Brave New World

Excerpt from the Foreward of Brave New World, by Aldous Huxley – (1966)

The people who govern the Brave New World may not be sane (in what may be called the absolute sense of the word); but they are not madmen, and their aim is not anarchy but social stability. It is in order to achieve stability that they carry out, by scientific means, the ultimate, personal, really revolutionary revolution.

But meanwhile we are in the first phase of what is perhaps the penultimate revolution. Its next phase may be atomic warfare, in which case we do not have to bother with prophecies about the future. But it is conceivable that we may have enough sense, if not to stop fighting altogether, at least to behave as rationally as did our eighteenth-century ancestors. The unimaginable horrors of the Thirty Years War actually taught men a lesson, and for more than a hundred years the politicians and generals of Europe consciously resisted the temptation to use their military resources to the limits of destructiveness or (in the majority of conflicts) to go on fighting until the enemy was totally annihilated. They were aggressors, of course, greedy for profit and glory; but they were also conservatives, determined at all costs to keep their world intact, as a going concern. For the last thirty years there have been no conservatives; there have been only nationalistic radicals of the right and nationalistic radicals of the left. The last conservative statesman was the fifth Marquess of Lansdowne; and when he wrote a letter to the Times, suggesting that the First World War should be concluded with a compromise, as most of the wars of the eighteenth century had been, the editor of that once conservative journal refused to print it. The nationalistic radicals had their way, with the consequences that we all know–Bolshevism, Fascism, inflation, depression, Hitler, the Second World War, the ruin of Europe and all but universal famine.

Assuming, then, that we are capable of learning as much from Hiroshima as our forefathers learned from Magdeburg, we may look forward to a period, not indeed of peace, but of limited and only partially ruinous warfare. During that period it may be assumed that nuclear energy will be harnessed to industrial uses. The result, pretty obviously, will be a series of economic and social changes unprecedented in rapidity and completeness. All the existing patterns of human life will be disrupted and new patterns will have to be improvised to conform with the nonhuman fact of atomic power. Procrustes in modern dress, the nuclear scientist will prepare the bed on which mankind must lie; and if mankind doesn’t fit well, that will be just too bad for mankind. There will have to be some stretching and a bit of amputation–the same sort of stretching and amputations as have been going on ever since applied science really got into its stride, only this time they will be a good deal more drastic than in the past. These far from painless operations will be directed by highly centralized totalitarian governments. Inevitably so; for the immediate future is likely to resemble the immediate past, and in the immediate past rapid technological changes, taking place in a mass-producing economy and among a population predominantly propertyless, have always tended to produce economic and social confusion. To deal with confusion, power has been centralized and government control increased. It is probable that all the world’s governments will be more or less completely totalitarian even before the harnessing of atomic energy; that they will be totalitarian during and after the harnessing seems almost certain. Only a large-scale popular movement toward decentralization and self-help can arrest the present tendency toward statism. At present there is no sign that such a movement will take place.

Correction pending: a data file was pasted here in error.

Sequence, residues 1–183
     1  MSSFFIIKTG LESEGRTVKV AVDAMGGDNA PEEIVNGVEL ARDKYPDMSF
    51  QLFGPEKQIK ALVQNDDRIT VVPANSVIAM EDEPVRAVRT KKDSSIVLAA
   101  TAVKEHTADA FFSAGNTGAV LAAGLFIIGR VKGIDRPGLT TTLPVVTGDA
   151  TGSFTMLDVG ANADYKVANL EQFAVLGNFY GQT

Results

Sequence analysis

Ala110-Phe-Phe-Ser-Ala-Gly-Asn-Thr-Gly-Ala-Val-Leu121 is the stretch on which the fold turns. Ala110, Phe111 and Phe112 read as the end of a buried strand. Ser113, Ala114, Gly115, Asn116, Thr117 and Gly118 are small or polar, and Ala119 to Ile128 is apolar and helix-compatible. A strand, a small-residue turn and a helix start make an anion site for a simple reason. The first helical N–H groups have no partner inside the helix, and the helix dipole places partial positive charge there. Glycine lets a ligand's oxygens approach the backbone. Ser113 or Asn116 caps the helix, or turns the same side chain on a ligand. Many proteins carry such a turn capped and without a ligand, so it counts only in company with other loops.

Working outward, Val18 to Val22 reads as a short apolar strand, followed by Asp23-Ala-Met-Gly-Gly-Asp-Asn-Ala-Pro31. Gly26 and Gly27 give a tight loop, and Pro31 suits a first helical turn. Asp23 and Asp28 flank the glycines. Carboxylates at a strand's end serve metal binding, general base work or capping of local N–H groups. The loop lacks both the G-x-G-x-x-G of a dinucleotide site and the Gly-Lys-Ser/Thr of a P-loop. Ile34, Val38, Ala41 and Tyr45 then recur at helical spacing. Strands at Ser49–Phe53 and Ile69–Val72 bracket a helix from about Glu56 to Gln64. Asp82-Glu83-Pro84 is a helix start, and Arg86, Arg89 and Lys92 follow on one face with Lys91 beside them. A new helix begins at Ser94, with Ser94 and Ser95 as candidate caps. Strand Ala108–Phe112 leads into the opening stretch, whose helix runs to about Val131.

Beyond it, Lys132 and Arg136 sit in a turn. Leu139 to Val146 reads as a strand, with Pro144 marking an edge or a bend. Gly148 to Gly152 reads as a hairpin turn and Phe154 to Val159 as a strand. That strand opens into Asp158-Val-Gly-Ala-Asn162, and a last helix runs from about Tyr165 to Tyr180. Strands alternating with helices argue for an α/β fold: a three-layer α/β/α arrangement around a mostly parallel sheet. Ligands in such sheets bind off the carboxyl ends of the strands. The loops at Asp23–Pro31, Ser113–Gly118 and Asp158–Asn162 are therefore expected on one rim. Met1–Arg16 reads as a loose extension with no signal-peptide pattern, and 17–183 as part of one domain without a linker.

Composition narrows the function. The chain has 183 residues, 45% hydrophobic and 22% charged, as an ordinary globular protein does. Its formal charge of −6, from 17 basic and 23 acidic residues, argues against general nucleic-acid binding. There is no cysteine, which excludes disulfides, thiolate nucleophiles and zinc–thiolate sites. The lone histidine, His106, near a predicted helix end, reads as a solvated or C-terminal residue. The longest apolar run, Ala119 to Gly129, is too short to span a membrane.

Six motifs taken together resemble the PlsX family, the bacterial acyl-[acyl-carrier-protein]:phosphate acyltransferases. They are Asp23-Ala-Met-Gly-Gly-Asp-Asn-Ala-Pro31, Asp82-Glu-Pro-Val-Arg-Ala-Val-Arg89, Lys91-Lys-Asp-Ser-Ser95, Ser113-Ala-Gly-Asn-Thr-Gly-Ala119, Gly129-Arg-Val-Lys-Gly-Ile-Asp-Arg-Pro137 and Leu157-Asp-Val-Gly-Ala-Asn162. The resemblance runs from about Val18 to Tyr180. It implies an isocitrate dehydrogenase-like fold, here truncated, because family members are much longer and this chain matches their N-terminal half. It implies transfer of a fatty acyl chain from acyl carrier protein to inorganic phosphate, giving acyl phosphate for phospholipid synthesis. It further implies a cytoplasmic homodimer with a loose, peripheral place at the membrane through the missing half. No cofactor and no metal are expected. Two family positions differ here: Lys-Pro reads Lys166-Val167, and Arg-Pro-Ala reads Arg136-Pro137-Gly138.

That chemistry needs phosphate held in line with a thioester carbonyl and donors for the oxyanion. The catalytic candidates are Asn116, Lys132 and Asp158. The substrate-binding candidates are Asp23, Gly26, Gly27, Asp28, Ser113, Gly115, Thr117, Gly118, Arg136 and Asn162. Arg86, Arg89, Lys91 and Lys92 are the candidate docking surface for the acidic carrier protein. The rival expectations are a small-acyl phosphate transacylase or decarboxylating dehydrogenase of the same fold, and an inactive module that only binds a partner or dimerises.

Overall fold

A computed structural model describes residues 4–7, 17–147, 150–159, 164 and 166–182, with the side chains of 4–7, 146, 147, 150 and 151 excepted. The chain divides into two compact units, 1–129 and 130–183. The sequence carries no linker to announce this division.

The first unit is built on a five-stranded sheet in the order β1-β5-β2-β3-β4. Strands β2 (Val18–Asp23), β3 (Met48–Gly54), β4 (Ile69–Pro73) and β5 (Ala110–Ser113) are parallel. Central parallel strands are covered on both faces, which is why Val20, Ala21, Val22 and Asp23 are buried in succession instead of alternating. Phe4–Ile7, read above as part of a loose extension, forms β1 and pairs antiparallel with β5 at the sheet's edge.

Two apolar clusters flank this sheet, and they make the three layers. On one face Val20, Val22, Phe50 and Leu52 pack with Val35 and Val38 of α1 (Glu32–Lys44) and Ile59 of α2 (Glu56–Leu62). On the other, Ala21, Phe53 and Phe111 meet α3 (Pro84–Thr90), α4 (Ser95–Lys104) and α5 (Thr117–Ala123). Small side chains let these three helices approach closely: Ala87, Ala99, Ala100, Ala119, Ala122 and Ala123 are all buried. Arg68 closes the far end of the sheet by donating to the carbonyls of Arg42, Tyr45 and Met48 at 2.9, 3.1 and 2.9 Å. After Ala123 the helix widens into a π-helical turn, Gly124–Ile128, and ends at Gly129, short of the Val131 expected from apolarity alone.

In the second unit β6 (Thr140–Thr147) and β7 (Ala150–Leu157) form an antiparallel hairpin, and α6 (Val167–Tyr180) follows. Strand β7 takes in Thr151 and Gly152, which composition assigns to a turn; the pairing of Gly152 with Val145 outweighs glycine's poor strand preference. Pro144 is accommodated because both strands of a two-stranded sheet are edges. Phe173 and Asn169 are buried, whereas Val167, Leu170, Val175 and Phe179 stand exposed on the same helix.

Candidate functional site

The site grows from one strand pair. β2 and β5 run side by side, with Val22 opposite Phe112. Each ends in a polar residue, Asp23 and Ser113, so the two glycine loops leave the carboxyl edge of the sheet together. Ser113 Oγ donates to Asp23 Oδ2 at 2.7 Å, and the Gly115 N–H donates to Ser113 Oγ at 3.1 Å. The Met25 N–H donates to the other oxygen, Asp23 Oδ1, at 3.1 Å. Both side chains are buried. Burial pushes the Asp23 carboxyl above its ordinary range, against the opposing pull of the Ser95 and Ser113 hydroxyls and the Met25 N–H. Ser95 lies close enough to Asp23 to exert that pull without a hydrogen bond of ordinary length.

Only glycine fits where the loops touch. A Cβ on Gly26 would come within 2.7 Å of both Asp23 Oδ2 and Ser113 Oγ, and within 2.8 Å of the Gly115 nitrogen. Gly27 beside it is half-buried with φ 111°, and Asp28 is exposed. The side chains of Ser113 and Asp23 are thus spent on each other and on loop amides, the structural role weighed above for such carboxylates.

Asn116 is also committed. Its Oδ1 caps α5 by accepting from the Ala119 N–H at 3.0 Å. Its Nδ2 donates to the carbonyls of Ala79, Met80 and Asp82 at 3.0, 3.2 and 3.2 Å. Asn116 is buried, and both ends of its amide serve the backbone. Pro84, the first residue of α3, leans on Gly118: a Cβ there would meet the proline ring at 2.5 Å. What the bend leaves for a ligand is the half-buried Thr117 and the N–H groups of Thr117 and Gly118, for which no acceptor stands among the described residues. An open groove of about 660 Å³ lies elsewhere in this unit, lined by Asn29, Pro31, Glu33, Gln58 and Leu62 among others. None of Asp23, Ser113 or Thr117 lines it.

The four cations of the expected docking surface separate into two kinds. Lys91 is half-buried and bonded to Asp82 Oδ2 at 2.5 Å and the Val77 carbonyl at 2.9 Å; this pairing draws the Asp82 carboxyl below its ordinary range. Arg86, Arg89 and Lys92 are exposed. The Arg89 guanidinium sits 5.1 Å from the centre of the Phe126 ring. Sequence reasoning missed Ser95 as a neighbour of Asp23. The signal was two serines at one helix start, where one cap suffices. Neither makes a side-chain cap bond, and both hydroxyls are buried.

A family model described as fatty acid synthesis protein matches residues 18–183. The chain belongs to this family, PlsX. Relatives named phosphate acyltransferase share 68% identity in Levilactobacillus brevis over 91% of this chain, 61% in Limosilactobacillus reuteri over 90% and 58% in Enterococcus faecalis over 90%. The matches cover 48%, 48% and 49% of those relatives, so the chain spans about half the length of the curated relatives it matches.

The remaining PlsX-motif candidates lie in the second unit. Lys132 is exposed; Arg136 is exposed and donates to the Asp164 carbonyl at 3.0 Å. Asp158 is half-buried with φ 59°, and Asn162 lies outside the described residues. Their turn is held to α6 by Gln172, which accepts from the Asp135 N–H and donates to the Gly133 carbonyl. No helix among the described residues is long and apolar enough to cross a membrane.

There is, of course, no reason why the new totalitarianisms should resemble the old. Government by clubs and firing squads, by artificial famine, mass imprisonment and mass deportation, is not merely inhumane (nobody cares much about that nowdays); it is demonstrably inefficient and in an age of advanced technology, inefficiency is the sin against the Holy Ghost. A really efficient totalitarian state would be one in which the all-powerful executive of political bosses and their army of managers control a population of slaves who do not have to coerced, because they love their servitude. To make them love it is the task assigned, in present-day totalitarian states, to ministries of propaganda, newspaper editors and schoolteachers. But their methods are still crude and unscientific. The old Jesuits’ boast that, if they were given the schooling of the child, they could answer for the man’s religious opinions, was a product of wishful thinking. And the modern pedagogue is probably rather less efficient at conditioning his pupils’ reflexes than were the reverend fathers who educated Voltaire. The greatest triumphs of propaganda have been accomplished, not by doing something, but by refraining from doing. Great is truth, but still greater, from a practical point of view, is silence about truth. By simply not mentioning certain subjects, by lowering what Mr. Churchill calls an “iron curtain” between the masses and such facts or arguments as the local political bosses regard as undesirable, totalitarian propagandists have influenced opinion much more effectively than they could have done by the most eloquent silence is not enough. If persecution, liquidation and the other symptoms of social friction are to be avoided, the positive sides of propaganda must be made as effective as the negative.